Dr. Matt Kriech currently works for THG as the Chief Operating Officer of Biosynthetic Technologies and supports HRG and THG in evaluation of potential new projects and investments. Prior to his current role, he lead the transition team for The Center and worked for AMI in developing predictive economic models. He has also served as General Manager of PIZO and Supply Chain Manager, Tolling Manager, and Business Excellence leader for Monument Chemical. Matt received his B.A. from Wabash College in 2000 and his Ph.D. from the University of Utah in 2005, where he studied protein-lipid interactions using non-linear optical spectroscopy. Prior to returning to Indiana, he worked for ATK as a “Rocket Scientist” in Utah, helping to test and develop state of the art rocket propellants.

He currently resides in Brownsburg with his wife and family. He enjoys flying as a private pilot, hiking, climbing, cycling, and skiing. In his spare time, he brews beer as owner of Wabash Brewing and also serves on local charity boards for cancer and diabetes.


3:30pm

"Recovering Value from End of Use Products: Reuse, Remanufacturing, and Recycling" Prof. John Sutherland of Purdue

There are growing concerns over the management of discarded products and the depletion of the natural resources used in these products. While selected initiatives have had some success at reducing these environmental burdens, relative to the scale of the problem, the actual impact has been modest. What is needed are strategies, technologies, and business models that promote value recovery of end of use (EoU) products – some have termed this a “circular economy.” This presentation will discuss several examples where product reuse, remanufacturing, or recycling has been successfully adopted. It will be seen that these approaches preserve economic value and natural resources, and minimize disposal to landfills.

Biography

Dr. John W. Sutherland is Professor and Fehsenfeld Family Head of Environmental and Ecological Engineering (EEE) at Purdue University. He received his B.S., M.S., and Ph.D. degrees from the University of Illinois at Urbana-Champaign. As Head, he has led the development of the EEE undergraduate degree and graduate degree programs and has grown the department in terms of students, staff, and faculty into one of the largest environmental engineering programs in the U.S. EEE is unique as a department in that it embraces industrial sustainability in addition to classic environmental engineering.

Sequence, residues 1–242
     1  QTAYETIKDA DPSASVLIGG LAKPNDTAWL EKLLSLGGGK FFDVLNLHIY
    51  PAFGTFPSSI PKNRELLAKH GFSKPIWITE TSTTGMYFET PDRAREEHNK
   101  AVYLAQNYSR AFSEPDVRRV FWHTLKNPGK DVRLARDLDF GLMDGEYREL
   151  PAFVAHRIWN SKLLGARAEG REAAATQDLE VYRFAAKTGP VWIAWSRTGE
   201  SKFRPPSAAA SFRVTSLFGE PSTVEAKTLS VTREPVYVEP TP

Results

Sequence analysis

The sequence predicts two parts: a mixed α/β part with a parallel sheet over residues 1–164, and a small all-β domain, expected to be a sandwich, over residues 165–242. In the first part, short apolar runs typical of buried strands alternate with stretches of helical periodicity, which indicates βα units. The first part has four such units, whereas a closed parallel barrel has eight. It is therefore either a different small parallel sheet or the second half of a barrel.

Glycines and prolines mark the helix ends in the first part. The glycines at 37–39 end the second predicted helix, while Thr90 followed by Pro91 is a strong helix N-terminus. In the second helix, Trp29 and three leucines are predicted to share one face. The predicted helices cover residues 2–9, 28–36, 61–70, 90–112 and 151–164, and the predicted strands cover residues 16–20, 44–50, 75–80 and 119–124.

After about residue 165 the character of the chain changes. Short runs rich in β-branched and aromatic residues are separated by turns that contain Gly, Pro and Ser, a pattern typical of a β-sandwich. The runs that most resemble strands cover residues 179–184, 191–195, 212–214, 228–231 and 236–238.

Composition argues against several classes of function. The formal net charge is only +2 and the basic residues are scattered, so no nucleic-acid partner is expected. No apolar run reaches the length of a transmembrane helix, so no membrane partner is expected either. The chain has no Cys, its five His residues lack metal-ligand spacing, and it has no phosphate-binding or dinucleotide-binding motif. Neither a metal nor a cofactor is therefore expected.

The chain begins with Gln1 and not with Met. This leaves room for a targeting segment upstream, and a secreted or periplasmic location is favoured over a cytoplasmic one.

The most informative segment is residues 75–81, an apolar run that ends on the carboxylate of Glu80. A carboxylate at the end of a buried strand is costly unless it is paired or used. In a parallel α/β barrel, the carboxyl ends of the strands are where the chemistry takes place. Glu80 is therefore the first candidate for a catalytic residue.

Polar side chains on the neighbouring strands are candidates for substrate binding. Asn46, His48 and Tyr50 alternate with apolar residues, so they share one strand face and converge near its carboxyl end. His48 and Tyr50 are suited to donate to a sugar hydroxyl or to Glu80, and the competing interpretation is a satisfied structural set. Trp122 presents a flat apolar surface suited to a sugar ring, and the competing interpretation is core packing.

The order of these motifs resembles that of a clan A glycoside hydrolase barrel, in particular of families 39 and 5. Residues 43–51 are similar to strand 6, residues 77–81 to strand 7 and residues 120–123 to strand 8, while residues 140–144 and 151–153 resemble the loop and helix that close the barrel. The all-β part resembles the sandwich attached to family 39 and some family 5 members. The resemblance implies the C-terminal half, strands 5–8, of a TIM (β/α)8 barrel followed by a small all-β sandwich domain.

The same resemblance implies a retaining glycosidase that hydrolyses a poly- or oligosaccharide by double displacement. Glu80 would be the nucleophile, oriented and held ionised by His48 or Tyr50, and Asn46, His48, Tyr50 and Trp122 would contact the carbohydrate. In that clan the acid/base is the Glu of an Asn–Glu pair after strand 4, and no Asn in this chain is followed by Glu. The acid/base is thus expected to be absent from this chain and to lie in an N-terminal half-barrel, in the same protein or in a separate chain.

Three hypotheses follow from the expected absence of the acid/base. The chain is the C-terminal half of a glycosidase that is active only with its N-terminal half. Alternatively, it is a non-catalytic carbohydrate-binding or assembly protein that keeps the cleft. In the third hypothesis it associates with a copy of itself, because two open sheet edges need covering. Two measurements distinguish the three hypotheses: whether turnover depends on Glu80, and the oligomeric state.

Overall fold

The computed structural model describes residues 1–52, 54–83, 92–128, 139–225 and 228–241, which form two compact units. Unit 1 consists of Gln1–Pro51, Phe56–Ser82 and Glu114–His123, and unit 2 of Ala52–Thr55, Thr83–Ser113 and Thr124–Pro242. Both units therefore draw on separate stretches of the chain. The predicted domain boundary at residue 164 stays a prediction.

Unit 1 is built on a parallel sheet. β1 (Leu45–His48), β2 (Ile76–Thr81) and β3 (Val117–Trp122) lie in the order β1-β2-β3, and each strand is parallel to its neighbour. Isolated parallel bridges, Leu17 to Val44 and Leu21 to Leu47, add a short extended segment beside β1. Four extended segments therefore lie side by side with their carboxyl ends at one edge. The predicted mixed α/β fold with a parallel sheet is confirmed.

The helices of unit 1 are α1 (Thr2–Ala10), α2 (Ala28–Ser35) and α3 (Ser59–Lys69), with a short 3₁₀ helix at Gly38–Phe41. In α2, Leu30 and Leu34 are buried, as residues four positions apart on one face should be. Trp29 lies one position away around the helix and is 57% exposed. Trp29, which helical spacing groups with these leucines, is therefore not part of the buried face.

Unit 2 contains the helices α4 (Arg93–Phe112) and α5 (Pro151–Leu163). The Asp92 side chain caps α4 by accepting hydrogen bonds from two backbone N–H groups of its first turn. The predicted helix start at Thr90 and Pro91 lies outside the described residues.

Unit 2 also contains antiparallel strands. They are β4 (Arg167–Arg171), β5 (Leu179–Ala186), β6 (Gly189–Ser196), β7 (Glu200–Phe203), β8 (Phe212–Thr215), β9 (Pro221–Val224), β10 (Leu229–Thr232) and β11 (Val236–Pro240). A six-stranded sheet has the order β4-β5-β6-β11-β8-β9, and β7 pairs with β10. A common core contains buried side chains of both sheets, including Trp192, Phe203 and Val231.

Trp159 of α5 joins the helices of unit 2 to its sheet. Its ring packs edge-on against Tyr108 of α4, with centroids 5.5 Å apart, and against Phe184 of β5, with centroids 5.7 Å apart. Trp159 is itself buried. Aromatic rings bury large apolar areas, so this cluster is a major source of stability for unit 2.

Prior to assuming his present position in 2009, he was the Henes Chair Professor and Director of the Sustainable Futures Institute at Michigan Technological University. Sutherland has mentored over 70 students to the completion of their graduate degrees and has published nearly 250 papers in various journals and conference proceedings. His honors and recognitions include the SME Outstanding Young Manufacturing Engineer Award (1992), Presidential Early Career Award for Scientists and Engineers (1996), SAE Ralph R. Teetor Educational Award (1999), SME Education Award (2009), SAE International John Connor Environmental Award (2010), ASME William T. Ennor Manufacturing Technology Award (2013), and the SME Gold Medal (2018). He is a Fellow of SME (Society of Manufacturing Engineers), ASME (American Society of Mechanical Engineers), and CIRP (College International pour la Recherche en Productique).


4:00pm

"Nutrient Removal in Wastewater: Current Practice and Future Opportunity" Bob Holden, PE, PhD of Wessler Engineering

Within the State and across the country, nutrient removal in wastewater treatment is becoming more commonplace. As effluent limits are either implemented and/or reduced, new challenges arise in treatment costs from both capital and operational perspectives. Further, new recovery techniques offer the ability to reclaim nutrients for future use, but at a cost. This talk will present a high level overview of the current practice and industry trends in addressing nutrient limits.

Biography

Dr. Holden received his Bachelor's (1990), Master's (1992) and Doctorate (1999) in Civil Engineering at Purdue University. He has more than 25 years of experience in municipal and industrial projects, and currently serves as Vice President and Senior Project Manager in Wessler's Wastewater group.


RSVP required for this event. Please respond by May 17th if you plan to attend.


FAQs

Are there ID or minimum age requirements to enter the event?

This is event is for environmental professionals and alcohol may be present at the reception. If someone is attending that is under 21, please let us know.

What are my transport/parking options for getting to and from the event?

Ample parking is available at the Center. As an environmentally minded organization, we encourage you to carpool.

How can I contact the organiser with any questions?

For questions, please contact Meg Whelton, EEE Manager of Industrial Experience at mwhelton@purdue.edu.

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The Center | The Heritage Group

6320 Intech Boulevard

Indianapolis, IN 46278